We recently moved to the beautiful state of North Carolina – one of the fastest growing states in the nation. My family attended one of the local churches and a guest preacher was speaking about the church's outreach to the ever-growing populace from all over the nation and the world. The preacher explained that North Carolina has changed from a small town feel where everyone assumed his or her neighbor attended a church in the Christian faith. Now, people of many faiths, or no faith at all, have flooded the region. This has caused the church to re-evaluate their methods of outreach to the area. It has also caused great concern for North Carolina natives who desire to maintain the Christian value system of their state.
This got me thinking: America was founded by "immigrants." Since the early 1600's, America was known as the place where people could go to start a new life with freedom of religion, the liberty to choose your own occupation, and a place of refuge from oppressive governments.
The Mayflower Compact states why the Pilgrims came to America:
In the name of God, Amen. We, whose names are underwritten, the Loyal Subjects of our dread Sovereign Lord, King James, by the Grace of God, of England, France and Ireland, King, Defender of the Faith, e&. Having undertaken for the Glory of God, and Advancement of the Christian Faith, and the Honour of our King and Country, a voyage to plant the first colony in the northern parts of Virginia…
During the time of our founding, Islam was a major religion in many parts of the world. Therefore, there were numerous Muslims living in America during the time of its founding. Naturally, there was great concern over Muslims taking over America's Christian value system, especially since America was in a war against Islamic terrorists – the Barbary Powers War – that spanned over the presidencies of George Washington, John Adams, Thomas Jefferson, and James Madison.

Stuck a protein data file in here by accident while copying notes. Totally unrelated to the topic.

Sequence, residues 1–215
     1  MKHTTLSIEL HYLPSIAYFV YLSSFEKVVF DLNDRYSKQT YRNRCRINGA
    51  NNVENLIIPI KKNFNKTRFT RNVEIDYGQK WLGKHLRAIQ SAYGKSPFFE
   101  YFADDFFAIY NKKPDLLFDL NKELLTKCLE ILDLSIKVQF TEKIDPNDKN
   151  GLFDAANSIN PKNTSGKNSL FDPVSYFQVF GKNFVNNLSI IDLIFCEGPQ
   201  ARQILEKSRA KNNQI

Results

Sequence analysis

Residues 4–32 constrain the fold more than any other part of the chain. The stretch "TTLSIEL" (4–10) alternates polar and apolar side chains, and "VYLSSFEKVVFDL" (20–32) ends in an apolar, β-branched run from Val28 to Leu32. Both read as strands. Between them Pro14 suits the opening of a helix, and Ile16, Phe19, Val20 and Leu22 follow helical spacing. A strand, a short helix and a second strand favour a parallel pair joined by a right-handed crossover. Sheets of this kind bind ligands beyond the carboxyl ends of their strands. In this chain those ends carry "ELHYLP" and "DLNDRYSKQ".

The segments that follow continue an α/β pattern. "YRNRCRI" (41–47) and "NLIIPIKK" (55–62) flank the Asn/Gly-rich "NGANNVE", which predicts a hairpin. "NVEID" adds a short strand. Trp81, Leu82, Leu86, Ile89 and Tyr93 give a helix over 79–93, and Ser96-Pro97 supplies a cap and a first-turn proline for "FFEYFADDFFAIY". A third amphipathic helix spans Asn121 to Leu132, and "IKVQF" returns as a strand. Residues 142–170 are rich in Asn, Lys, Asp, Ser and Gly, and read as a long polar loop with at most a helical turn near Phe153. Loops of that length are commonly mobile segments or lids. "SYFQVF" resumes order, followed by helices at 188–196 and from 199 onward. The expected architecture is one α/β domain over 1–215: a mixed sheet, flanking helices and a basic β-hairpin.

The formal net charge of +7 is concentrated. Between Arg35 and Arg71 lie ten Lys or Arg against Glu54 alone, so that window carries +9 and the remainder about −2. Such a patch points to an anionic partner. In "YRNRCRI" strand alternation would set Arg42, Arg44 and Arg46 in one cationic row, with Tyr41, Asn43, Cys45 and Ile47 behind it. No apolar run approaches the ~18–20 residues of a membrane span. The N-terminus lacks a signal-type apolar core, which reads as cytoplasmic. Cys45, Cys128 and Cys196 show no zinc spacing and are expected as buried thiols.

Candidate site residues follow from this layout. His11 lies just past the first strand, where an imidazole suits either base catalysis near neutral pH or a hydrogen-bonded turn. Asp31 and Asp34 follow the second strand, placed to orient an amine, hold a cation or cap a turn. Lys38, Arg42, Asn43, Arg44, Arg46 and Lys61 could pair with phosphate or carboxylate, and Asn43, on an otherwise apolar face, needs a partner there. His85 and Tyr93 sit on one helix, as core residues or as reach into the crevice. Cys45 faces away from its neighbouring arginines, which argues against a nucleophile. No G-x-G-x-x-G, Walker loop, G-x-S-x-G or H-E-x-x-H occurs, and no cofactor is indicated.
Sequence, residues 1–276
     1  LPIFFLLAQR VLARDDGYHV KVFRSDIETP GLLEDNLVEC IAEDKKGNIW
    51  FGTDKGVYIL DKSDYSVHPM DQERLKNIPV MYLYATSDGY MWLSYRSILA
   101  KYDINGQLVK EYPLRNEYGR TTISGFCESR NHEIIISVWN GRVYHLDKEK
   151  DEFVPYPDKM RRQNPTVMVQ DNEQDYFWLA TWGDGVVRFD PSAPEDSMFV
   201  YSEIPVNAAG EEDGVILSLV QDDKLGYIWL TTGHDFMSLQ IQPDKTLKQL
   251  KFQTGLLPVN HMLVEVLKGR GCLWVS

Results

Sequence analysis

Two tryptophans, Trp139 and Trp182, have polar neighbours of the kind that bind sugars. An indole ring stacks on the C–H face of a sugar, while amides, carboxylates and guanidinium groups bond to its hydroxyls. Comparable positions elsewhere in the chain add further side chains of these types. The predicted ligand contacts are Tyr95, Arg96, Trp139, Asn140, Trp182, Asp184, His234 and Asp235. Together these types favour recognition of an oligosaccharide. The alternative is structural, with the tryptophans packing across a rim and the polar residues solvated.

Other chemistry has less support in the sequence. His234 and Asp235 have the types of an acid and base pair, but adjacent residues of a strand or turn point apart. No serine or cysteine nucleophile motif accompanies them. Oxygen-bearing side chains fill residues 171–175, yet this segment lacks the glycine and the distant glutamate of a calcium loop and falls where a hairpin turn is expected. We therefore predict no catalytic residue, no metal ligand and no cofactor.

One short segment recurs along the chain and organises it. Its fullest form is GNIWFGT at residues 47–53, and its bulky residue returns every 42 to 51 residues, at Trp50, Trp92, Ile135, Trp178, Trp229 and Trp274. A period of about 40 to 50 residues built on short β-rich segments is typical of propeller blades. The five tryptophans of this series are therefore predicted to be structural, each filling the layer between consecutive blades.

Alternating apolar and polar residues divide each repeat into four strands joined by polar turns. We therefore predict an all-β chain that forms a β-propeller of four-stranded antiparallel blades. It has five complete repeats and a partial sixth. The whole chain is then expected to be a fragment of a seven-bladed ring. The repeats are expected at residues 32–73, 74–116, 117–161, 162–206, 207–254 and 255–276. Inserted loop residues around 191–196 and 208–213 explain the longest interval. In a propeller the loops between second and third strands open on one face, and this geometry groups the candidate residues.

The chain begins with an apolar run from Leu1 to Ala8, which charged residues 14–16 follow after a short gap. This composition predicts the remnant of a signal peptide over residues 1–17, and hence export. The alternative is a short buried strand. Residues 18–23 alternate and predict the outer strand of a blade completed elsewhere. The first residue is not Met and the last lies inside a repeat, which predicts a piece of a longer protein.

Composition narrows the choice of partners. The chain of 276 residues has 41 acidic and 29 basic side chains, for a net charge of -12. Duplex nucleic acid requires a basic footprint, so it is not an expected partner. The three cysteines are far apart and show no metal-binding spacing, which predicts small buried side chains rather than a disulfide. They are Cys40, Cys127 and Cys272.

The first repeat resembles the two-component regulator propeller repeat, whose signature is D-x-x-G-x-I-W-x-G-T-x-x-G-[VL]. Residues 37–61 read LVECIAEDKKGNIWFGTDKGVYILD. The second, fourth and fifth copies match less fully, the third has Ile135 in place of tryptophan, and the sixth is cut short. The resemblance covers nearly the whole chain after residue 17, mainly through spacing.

During this critical point in America's history, we are facing the same thing today.
The difference is how our elected representatives and influential people confronted this critical predicament. While Obama has stated that we are no longer a Christian nation, our founders stated the opposite.
Concerning the fear of Muslims holding high office in America,
Supreme Court Justice James Iredell (nominated to the Court by President Washington) stated:
But it is objected that the people of America may perhaps choose representatives who have no religion at all, and that pagans and Mahometans may be admitted into offices. . . . But it is never to be supposed that the people of America will trust their dearest rights to persons who have no religion at all, or a religion materially different from their own.
Theophilus Parsons (Chief Justice of the Supreme Court of Massachusetts) also affirmed:
No man can wish more ardently than I do that all our public offices may be filled by men who fear God and hate wickedness; but it must remain with the electors to give the government this security.
While the Constitution does not require men to be Christian in order to hold office, the beliefs of our founders' highly encouraged this…and so did Americans.
John Randolph was a Virginian Congressman during America's founding. In his early years, he held a position "in favor of Mahomedanism" and "rejoiced in all its triumphs over the cross [Christianity]." Francis Scott Key, author of the "Star-Spangled Banner," befriended Randolph and faithfully shared the Gospel with him. Randolph converted to Christianity and became a strong advocate for the Christian faith. He once stated:
"I am at last reconciled to my God and have assurance of His pardon through faith in Christ, against which the very gates of hell cannot prevail. Fear hath been driven out by perfect love."
Key shared the Christian faith with many Muslims in America, and even bought them copies of the Bible in Arabic.
Today, in a world of "tolerance" toward anything but Christianity, America is in danger of losing her Virtue unless we, like our founders, uphold the Christian value system and the church obeys the great commission to preach the Gospel to every creature.
Reverend Francis Grimke (1850-1937) once proclaimed:
"If the time comes when America shall go to pieces, it will... [be] from... losing sight of the fact that 'Righteousness exalteth a nation, but that sin is a reproach to any people... Unless we hold... to these great fundamental principles of righteousness, America will be only a covenant with death and an agreement with hell."
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